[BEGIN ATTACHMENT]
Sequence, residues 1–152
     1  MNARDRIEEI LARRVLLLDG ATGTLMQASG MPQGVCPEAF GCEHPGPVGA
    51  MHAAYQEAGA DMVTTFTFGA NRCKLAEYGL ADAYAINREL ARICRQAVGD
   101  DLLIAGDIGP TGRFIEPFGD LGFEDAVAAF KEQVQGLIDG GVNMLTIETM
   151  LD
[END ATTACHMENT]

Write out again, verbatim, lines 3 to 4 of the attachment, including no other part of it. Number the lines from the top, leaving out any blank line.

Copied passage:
    51  MHAAYQEAGA DMVTTFTFGA NRCKLAEYGL ADAYAINREL ARICRQAVGD
   101  DLLIAGDIGP TGRFIEPFGD LGFEDAVAAF KEQVQGLIDG GVNMLTIETM